UN extends term of LGBT expert
The Third Committee of the United Nations General Assembly last week adopted a resolution presenting the annual report of the Human Rights Council without challenge to the extension of the mandate of the independent expert on protection against violence and discrimination on the basis of sexual orientation and gender identity

According to a news release from OutRight Action International, in 2016, when the mandate was created, an amendment challenging it was tabled at the Third Committee.

"This year, a record-high number of States supported the renewal of the mandate at the Human Rights Council in July, and the mandate was not challenged in the Third Committee. This is a clear indication that the international community is becoming both more aware and less tolerant of violence and discrimination on the basis of SOGI," OutRight officials stated.

The role of the LGBT expert is to document discrimination and violence against LGBT people around the world.

"The affirmation of this acute need by the Third Committee today, without challenge, is a reminder of the universality of human rights, and a testament to the strength and resilience of LGBTIQ people everywhere coming out and standing up for our right to be who we are," said Jessica Stern, executive director of OutRight International, in a November 7 statement.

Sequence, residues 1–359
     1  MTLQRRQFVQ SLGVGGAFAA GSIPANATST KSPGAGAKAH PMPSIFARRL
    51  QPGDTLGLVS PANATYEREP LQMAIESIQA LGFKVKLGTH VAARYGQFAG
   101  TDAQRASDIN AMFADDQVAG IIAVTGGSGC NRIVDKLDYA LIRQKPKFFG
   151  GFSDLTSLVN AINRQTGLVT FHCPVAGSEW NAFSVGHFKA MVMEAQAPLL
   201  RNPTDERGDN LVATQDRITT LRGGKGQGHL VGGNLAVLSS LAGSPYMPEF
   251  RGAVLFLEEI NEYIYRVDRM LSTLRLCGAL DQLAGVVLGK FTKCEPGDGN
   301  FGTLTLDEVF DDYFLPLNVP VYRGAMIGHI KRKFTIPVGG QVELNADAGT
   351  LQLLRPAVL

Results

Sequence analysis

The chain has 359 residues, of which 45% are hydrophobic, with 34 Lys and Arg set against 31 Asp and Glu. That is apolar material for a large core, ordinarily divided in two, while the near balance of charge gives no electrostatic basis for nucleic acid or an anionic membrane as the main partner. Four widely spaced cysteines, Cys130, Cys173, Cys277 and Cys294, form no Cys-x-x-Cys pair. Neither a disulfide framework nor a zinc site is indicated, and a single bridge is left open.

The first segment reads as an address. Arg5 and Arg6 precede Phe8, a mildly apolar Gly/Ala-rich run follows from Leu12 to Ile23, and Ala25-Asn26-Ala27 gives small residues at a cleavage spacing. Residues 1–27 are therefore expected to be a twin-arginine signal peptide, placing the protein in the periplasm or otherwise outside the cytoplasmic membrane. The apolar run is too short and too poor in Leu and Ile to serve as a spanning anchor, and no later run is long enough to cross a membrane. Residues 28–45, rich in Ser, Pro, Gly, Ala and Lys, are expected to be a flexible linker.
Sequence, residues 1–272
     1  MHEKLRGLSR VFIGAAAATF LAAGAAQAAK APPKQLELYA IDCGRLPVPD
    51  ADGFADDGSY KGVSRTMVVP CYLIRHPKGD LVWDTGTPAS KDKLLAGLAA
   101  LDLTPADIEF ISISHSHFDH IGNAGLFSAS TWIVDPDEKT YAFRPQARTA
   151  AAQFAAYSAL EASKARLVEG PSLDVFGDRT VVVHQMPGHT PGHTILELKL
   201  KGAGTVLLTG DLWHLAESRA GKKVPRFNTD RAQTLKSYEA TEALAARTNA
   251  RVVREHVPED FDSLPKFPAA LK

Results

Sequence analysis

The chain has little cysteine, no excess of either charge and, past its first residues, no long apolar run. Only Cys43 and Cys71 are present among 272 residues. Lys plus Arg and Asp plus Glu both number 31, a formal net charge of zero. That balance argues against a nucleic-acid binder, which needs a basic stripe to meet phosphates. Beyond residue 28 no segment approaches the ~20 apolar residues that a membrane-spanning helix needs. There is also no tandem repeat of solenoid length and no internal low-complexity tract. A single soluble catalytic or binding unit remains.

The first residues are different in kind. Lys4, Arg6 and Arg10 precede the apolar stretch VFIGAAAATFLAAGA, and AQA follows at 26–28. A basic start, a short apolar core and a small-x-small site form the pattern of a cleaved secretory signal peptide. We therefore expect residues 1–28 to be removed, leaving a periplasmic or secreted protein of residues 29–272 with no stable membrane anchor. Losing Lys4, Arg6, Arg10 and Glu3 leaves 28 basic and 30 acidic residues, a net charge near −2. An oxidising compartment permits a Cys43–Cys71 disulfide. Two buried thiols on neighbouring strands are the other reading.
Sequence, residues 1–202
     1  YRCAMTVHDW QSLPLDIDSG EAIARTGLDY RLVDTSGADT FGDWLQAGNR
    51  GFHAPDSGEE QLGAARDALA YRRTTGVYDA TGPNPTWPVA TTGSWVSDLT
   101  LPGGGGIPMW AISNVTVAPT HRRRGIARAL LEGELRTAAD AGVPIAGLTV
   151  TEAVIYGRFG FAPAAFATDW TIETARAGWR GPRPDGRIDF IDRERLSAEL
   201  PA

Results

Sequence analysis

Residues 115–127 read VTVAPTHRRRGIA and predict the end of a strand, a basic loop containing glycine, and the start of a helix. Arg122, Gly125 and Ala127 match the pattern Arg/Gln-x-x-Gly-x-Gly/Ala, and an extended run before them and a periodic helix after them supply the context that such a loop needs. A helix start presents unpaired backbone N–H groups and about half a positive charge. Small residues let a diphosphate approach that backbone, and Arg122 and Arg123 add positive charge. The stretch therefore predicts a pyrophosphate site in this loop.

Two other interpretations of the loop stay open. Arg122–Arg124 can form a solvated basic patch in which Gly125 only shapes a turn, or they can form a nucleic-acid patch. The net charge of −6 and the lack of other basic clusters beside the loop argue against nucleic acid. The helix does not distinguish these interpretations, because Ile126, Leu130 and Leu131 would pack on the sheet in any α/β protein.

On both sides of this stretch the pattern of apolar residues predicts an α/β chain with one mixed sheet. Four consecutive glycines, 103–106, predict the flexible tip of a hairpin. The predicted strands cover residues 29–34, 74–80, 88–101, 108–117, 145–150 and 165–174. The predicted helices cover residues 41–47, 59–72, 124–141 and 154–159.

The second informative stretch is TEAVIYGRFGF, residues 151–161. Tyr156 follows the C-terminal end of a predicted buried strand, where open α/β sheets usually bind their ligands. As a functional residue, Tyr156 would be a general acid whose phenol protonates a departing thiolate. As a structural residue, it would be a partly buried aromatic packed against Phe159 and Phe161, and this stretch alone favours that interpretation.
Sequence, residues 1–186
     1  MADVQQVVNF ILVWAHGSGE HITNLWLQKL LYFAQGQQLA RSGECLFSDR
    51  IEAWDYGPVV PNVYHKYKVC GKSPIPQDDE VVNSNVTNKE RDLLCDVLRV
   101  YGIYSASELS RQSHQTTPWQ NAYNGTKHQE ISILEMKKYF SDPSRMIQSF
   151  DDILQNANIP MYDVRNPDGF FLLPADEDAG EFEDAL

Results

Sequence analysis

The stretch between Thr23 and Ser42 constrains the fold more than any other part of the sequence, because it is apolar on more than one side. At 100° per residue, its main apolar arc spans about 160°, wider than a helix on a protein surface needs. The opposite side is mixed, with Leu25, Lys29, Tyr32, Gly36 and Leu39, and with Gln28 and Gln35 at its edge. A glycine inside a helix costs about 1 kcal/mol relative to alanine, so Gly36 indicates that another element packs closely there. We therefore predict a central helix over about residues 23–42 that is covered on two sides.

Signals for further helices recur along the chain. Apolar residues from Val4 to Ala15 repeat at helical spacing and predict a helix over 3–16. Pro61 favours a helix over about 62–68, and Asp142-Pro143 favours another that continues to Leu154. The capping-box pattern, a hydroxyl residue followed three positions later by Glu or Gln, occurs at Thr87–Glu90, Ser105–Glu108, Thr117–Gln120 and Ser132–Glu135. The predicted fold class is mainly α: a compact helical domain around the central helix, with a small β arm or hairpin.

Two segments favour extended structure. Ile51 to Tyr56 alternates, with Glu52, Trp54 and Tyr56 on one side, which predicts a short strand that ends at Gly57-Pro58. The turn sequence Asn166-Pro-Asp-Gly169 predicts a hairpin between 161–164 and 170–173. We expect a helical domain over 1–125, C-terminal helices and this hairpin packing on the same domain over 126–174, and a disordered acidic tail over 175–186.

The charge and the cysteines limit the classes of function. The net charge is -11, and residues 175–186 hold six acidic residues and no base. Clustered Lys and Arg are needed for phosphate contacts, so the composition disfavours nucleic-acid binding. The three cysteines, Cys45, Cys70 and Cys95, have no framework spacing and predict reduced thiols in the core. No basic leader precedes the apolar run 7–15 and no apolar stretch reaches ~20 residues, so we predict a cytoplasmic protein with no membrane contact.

Costa Rican lawyer Victor Madrigal-Borloz is the current U.N. LGBT expert. He succeeded Thai international human rights expert Vitit Muntarbhorn in 2018.

Madrigal-Borloz is scheduled to visit Sri Lanka in 2020 and has tabled 12 requests for as many country visits.

Global LGBT advocates urged governments to cooperate fully with the U.N. LGBT expert and to work on ending discrimination and violence against LGBT people.

Got international LGBT news tips? Call or send them to Heather Cassell at WhatsApp: 415-517-7239, or Skype: heather.cassell, or oitwnews@gmail.com.